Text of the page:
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There is lots of land in Summerhill. It’s full of houses, which are full of affluent people who hate tall buildings.

Dave LeBlanc

Imagine a map of Toronto. Now draw 180 circles on that map, each 800 metres across, with a subway or train or LRT stop in the middle. You would be colouring in a big swath of the city. Now imagine those circles are full of new apartment and office buildings.

That’s what the province did last year. Queen’s Park has decided that these “Major Transit Station Areas” are where the city should grow the most, setting specific targets for how many people and jobs they should have. As Toronto adds a million people in the next generation, this policy could reshape its buildings in a dramatic and largely positive way.

But there’s a problem: This change has to pass through Toronto City Hall. And it’s far from clear that local officials have the stomach to do the necessary work. That means staff altering their own rules, and politicians telling the city’s privileged house owners that they need to accept change.

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On Monday at city council’s planning and housing committee, city staff explained how they plan to respond to the MTSA policy. Planners will look at each station area, then report to the province by 2022 about how their local plans fit the province’s Growth Plan for the Greater Golden Horseshoe. This is mandatory.

Gregg Lintern, the city’s chief planner, told me the MTSA policy is similar to how the city has already been planning: put things near transit. “I think the idea of the MTSAs is to bring some rigour and some discipline to transit-oriented development,” he said. “That’s been happening for a long time. But not everywhere.”

Not everywhere, indeed. In fact, Toronto politicians made a grand bargain in the 1990s to put future residents and jobs in a few specific places – mostly downtown. This has concentrated the flows of migrants and investment in a few overheated zones. Meanwhile, the vast majority of the city looks the same as it did 30 years ago. If you’re a homeowner, the only changes on your block are probably some McMansions. Even if you live next to a train station.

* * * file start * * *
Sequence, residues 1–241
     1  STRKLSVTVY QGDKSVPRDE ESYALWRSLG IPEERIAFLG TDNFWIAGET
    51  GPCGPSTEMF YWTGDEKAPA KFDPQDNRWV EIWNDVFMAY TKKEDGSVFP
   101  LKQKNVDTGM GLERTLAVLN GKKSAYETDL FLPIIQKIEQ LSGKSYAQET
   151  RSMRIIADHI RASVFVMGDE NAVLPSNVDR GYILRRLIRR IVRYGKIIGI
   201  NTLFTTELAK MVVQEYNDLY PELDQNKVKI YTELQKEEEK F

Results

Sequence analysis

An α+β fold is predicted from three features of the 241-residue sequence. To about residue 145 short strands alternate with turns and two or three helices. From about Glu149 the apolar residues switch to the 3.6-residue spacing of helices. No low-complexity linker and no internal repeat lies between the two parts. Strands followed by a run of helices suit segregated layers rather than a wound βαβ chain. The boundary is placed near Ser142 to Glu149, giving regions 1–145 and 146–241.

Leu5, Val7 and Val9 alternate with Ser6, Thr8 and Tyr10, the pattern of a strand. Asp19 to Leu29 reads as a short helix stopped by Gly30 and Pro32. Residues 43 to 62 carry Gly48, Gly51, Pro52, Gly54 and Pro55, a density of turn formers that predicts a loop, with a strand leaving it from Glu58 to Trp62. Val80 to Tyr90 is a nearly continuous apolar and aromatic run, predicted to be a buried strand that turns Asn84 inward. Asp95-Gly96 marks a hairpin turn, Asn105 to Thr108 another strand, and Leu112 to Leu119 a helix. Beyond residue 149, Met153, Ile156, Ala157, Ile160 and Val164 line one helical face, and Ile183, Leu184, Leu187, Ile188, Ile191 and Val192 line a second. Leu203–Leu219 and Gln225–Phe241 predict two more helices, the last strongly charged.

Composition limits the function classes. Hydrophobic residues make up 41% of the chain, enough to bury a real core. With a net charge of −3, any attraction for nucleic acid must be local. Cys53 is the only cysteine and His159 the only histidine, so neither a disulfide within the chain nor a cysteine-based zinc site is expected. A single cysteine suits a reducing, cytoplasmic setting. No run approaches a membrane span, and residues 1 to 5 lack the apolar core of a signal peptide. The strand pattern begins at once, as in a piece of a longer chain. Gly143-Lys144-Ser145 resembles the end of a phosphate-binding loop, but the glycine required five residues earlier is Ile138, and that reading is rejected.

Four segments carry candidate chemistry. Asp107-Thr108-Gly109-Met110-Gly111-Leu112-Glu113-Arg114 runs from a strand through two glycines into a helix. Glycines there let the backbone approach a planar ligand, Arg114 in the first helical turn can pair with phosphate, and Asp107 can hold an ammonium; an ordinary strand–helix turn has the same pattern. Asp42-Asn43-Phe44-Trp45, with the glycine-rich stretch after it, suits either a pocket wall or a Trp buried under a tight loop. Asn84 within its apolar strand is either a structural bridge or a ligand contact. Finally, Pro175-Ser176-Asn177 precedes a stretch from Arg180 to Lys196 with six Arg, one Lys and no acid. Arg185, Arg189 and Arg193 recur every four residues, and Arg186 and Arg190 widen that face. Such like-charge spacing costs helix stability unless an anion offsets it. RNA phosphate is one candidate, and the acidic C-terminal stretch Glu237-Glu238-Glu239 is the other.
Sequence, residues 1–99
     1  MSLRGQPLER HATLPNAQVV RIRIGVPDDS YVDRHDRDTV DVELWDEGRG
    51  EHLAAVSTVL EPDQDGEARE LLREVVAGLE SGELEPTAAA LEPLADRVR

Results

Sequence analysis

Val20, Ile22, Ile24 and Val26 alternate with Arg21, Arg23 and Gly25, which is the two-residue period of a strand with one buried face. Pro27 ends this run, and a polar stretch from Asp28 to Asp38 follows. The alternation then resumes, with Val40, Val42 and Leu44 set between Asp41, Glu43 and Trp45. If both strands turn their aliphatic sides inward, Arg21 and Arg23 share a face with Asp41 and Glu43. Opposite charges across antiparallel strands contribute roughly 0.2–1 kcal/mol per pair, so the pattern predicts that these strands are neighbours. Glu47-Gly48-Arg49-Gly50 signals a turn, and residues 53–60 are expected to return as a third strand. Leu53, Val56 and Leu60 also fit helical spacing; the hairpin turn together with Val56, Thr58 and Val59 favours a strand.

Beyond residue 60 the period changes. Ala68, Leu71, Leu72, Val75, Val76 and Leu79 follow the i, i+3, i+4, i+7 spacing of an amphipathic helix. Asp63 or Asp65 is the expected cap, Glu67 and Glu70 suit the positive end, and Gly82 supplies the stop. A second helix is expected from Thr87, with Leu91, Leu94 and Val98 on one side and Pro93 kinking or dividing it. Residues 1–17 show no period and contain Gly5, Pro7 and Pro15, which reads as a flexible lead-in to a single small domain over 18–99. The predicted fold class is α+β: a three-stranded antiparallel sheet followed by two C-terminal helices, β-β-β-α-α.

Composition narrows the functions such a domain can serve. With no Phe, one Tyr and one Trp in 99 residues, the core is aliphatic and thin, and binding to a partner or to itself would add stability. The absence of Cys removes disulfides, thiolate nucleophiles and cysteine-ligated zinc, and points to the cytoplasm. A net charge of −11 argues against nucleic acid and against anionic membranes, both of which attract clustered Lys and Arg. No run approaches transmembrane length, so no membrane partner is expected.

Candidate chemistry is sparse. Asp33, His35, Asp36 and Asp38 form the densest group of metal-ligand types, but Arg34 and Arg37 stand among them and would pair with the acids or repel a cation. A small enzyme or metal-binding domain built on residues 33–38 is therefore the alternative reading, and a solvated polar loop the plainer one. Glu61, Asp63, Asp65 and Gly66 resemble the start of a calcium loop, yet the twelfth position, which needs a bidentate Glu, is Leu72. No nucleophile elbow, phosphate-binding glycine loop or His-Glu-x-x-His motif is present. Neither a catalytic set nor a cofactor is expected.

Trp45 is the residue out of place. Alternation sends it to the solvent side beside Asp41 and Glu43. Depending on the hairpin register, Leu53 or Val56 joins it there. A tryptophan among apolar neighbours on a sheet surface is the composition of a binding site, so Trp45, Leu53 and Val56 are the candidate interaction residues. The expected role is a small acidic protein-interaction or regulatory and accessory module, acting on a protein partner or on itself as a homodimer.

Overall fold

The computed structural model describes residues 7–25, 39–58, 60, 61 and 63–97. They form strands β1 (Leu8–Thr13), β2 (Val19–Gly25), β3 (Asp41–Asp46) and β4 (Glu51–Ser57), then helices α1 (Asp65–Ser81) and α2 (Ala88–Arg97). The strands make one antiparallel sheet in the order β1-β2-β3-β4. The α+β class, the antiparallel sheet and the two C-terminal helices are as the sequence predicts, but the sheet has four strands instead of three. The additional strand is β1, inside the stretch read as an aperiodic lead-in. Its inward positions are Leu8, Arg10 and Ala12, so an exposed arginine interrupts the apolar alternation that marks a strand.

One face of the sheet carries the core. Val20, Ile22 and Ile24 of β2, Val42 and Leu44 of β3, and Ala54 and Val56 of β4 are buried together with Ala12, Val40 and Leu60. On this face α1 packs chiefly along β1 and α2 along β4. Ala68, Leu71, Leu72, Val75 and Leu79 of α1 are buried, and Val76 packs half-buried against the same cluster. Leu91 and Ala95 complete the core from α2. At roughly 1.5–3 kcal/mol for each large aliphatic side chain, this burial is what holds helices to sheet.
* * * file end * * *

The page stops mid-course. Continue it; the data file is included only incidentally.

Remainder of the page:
In this context, the province is bringing the city a gift: a chance to blow up ossified, regressive policy while passing the buck.

Yet city planners seem to be pushing back. For 65 MTSA zones, staff say they may ask for exemptions to the new rules. Those include many of the stations on the Bloor-Danforth subway line.

When I asked Mr. Lintern how this list was chosen, he cited Old Mill subway station: “There’s a river valley, and we’re not going to be able to fill it in to add density,” he said, reasonably. But what about Chester station? Summerhill? There is lots of land there. It’s full of houses, which are full of affluent people who hate tall buildings. And strict city “Neighbourhoods” planning, nicknamed the Yellowbelt, prevents change. In these big swaths of Toronto, the only permitted housing is for millionaires. It’ll be interesting to see whether this changes.

The politics here are nuanced. The Toronto region is growing very quickly, and that requires changes to planning, especially in Toronto. Generally, the Doug Ford government is giving the development industry what it wants. In the suburbs, as The Globe’s Jeff Gray reported, that means allowing more sprawl. It’s unnecessary and inexcusable.

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However, in the city, what developers want is to make lots of buildings, mostly housing, in established neighbourhoods with transit. That’s good for the city, the region and the climate. Especially if city hall gets its way and adds a mandatory affordable housing policy to new developments.

But there’s a real danger Toronto will miss this opportunity – by over-regulating, overcomplicating, and overtaxing the new development that the city desperately needs. It’ll be years before we see the results. But the right way to look at this issue is from far above: with a big map, while holding a very thick red marker.

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